Evidence-based Instruments


Does the RIA process ensure participation, transparency and quality evaluation?

RIA analyses consistently involve stakeholders by means of consultation or collaboration, results are transparently communicated to the public and assessments are effectively evaluated by an independent body on a regular basis.
Czech Rep.
Consultation with stakeholders is an essential part of the RIA process. In principle, all those who are affected by new legislation are able to express their views in advance. The parties concerned may include, among others, public authorities, professional organizations, nongovernmental organizations or business entities. However, the intensity and form of consultation varies from case to case. Since 2011, quality control has rested with the RIA board, an independent commission affiliated with the Government Legislative Council. This body a) coordinates and methodically manages the RIA process; b) processes the material documents for the working commission; and c) on the basis of an opinion of the working committee, if available, drafts the draft opinion of the Legislative Council of the Government or the Chairman of the Legislative Council of the Government for the RIA area (this opinion is an independent part of the Draft Opinion).
The ministry in charge of preparing a specific piece of legislation or regulation includes relevant stakeholders in the RIA process, such as affected ministries and interest organizations. If, for instance, a proposal is expected to involve costs for business, the Ministry of Business would be consulted. The ministry would also consult with business interests. The proposal to be submitted to the legislature would list all departments, agencies and organizations that had been consulted. The rules require the assessment to be in non-technical language so that it is accessible to the public. The corporatist aspect of preparing laws may have decreased in the last decade, but organizations are still very involved in administrative structures.

There is a strong tradition of publishing impact assessments as reports or special publications. In addition, parliamentary committees and members of parliament can request further information and documentation.

After new legislation enters into force, feedback from stakeholders, the broader public and media are taken seriously by members of parliament.
Cirkulære om bemærkninger til lovforslag og andre regeringsforslag og om fremganhsmåden ved udarbejdelse af lovforslag, redegørelser, administrative forskrifter m.v. https://www.retsinformation.dk/Forms/R0710.aspx?id=20940 (accessed 3 May 2013).

Jørgen Grønnegård Christensen, Peter Munk Christiansen and Marius Ibsen, Politik og forvaltning. 4th edition. Copenhagen. Hans Reitzels Forlag, 2017.
The National Regulatory Control Council (Normenkontrollrat, NKR) cooperates with a large number of different actors on various levels of the administration. Its cooperation with German states and local authorities has intensified, in particular with the development of methodological standards for assessing compliance costs.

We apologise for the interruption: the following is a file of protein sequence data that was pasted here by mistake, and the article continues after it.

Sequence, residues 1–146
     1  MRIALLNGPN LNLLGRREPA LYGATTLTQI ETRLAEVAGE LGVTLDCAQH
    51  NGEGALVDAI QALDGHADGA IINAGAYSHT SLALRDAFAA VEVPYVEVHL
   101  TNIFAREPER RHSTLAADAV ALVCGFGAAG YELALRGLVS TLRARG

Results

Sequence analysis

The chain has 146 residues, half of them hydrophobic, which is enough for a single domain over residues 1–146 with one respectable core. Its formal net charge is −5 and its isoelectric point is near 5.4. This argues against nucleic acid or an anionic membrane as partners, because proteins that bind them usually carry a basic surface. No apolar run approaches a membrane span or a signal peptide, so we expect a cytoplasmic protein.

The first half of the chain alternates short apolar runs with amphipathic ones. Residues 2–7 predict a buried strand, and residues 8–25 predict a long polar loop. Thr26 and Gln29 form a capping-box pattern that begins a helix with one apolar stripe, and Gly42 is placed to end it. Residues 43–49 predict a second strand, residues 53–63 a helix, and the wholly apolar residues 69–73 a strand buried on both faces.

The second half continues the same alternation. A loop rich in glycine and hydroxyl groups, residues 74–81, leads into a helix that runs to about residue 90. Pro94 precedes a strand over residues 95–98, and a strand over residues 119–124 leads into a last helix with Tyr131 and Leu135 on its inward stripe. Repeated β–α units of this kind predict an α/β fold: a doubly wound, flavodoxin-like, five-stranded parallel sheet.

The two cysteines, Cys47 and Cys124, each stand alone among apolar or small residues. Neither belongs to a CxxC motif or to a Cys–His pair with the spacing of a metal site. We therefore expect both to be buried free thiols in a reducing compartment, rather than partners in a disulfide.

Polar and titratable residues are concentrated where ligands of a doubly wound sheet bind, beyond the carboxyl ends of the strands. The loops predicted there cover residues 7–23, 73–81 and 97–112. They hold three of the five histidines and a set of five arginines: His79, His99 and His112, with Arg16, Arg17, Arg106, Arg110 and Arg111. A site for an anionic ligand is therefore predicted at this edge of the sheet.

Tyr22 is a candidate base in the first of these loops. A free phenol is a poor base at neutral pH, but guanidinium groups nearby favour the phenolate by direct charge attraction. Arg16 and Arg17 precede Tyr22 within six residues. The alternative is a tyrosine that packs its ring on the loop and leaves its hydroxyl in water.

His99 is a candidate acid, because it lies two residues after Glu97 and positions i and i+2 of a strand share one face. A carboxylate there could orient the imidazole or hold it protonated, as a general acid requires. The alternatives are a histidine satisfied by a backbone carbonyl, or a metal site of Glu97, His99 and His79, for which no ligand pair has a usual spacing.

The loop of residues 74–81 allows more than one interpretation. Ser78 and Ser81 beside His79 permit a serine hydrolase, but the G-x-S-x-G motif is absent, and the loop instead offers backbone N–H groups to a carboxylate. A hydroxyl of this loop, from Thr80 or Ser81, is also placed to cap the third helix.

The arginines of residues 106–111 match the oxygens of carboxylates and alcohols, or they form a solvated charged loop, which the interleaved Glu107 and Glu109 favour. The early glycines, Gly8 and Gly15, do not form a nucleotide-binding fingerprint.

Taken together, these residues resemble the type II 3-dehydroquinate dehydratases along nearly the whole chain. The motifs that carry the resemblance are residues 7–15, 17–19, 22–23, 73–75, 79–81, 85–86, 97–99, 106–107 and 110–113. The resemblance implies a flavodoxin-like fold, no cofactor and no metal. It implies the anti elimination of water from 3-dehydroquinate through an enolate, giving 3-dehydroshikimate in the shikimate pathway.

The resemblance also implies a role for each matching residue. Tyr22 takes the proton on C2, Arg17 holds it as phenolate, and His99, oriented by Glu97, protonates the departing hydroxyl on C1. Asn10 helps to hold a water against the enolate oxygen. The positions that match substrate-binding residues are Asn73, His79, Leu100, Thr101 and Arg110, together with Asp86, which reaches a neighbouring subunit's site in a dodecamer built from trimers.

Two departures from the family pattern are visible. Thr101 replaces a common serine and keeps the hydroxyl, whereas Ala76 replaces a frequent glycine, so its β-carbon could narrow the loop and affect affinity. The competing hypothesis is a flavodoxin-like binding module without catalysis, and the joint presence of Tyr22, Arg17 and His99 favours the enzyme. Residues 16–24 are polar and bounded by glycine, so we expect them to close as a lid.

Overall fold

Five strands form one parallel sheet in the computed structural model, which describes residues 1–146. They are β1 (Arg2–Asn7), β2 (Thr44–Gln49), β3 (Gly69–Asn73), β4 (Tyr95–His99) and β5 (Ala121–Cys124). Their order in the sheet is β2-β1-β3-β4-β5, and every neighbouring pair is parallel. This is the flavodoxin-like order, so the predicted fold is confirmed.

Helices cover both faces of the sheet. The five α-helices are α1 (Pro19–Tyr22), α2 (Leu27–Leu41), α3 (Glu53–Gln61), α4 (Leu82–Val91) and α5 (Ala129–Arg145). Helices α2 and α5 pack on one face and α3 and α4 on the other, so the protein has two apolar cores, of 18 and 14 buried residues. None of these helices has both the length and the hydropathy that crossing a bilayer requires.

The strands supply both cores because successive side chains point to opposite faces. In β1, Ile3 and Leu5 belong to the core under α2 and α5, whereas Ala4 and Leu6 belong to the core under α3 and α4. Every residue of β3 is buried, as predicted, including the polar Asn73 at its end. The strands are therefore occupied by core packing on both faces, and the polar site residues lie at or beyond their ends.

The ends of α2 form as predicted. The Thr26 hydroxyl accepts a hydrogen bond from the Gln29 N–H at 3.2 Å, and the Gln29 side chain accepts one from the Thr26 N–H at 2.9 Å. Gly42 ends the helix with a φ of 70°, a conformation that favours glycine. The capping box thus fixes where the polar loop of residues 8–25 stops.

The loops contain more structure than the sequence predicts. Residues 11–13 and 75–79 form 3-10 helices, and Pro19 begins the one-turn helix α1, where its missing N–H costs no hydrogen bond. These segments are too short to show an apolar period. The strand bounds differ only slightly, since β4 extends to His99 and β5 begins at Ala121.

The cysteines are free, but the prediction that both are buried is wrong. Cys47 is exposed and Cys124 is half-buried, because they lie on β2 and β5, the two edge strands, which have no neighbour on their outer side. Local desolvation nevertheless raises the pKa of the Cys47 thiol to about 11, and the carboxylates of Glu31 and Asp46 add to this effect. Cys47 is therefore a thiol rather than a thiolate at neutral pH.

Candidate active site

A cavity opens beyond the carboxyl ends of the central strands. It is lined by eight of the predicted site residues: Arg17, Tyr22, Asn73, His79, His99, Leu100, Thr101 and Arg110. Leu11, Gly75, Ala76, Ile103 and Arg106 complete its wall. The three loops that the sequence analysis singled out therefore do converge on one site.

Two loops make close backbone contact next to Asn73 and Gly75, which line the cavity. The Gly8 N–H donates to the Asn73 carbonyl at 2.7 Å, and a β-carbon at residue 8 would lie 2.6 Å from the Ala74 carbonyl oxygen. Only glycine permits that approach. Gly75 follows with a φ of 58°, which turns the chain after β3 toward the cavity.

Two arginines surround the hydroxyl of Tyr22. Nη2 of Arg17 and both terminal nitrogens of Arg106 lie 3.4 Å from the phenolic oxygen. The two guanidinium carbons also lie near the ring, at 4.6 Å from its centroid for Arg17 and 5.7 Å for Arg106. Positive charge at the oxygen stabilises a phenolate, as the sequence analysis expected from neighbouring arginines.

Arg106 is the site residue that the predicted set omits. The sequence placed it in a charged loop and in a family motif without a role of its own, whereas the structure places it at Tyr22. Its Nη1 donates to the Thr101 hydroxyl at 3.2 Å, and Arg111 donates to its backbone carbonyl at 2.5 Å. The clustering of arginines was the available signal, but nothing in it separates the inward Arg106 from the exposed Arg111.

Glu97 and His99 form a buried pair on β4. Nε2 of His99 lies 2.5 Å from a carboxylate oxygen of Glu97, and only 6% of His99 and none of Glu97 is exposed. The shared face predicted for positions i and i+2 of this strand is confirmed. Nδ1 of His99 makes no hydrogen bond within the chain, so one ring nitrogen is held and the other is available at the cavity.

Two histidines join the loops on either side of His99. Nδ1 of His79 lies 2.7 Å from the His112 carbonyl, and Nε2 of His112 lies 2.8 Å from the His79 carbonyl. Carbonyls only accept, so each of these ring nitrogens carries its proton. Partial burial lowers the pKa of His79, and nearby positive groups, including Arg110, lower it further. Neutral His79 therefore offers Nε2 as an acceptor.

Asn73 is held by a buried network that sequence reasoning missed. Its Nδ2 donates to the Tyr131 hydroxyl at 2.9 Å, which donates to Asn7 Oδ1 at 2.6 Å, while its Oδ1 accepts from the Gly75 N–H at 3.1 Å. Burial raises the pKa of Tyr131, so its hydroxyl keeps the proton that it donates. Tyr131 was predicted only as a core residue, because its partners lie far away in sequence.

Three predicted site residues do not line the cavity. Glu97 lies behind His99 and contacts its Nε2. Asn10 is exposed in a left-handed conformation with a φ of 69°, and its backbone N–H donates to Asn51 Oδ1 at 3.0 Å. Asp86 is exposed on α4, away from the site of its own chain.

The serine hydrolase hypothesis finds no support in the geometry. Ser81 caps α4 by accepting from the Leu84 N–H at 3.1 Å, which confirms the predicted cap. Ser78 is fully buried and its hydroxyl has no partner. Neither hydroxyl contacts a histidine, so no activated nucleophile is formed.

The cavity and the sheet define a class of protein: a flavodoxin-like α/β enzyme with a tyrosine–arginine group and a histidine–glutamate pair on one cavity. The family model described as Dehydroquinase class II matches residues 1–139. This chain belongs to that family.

In its 2017 annual report, the NKR claimed that the costs of new regulations and laws increased about €2.1 billion whereas the bureaucratic costs remained stable. However, the NKR complained that digitalization processes in public administration lagged well behind other European countries, wasting important opportunities for further cost reductions.

The new “one in one out” rule, introduced in 2015, reduced the financial burdens on enterprises by about €1.4 billion. This rule means that all new costs for enterprises and state bureaucracy (the “ins”) have to be compensated for by additional regulations that reduce costs respectively (the “outs”).
Normenkontrollrat (2017): Jahresbericht des Normenkontrollrates 2017:
New Zealand
The Treasury’s Regulatory Impact Analysis Handbook offers comprehensive guidance with regard to consultation within government as well as with stakeholders, to transparency and to quality evaluation. The major instrument for consultation and transparency is the regulatory impact statement (RIS). Independent quality assurance is to be obtained either by a unit located within the Treasury or through a suitable internal review process. A quality-assurance statement is to be provided in the cabinet paper.
Regulatory Impact Analysis Handbook (Wellington: The Treasury 2013).
The quality of RIAs associated with parliamentary bills shows great variation, but is generally good. At a minimum, parliamentary bills describe the financial and administrative (governmental) consequences of a proposal. Some also consider environmental and climate effects. Other costs are not quantified systematically or regularly when preparing bills. Affected parties will be also typically be invited to present their views in a public hearing, before a decision is being made. The RIA system is strong in terms of consultation, transparency and creating a broad political consensus around decisions. However, it is weaker in terms of technical quality.
The RIA process displays deficiencies with regard to one of the three objectives.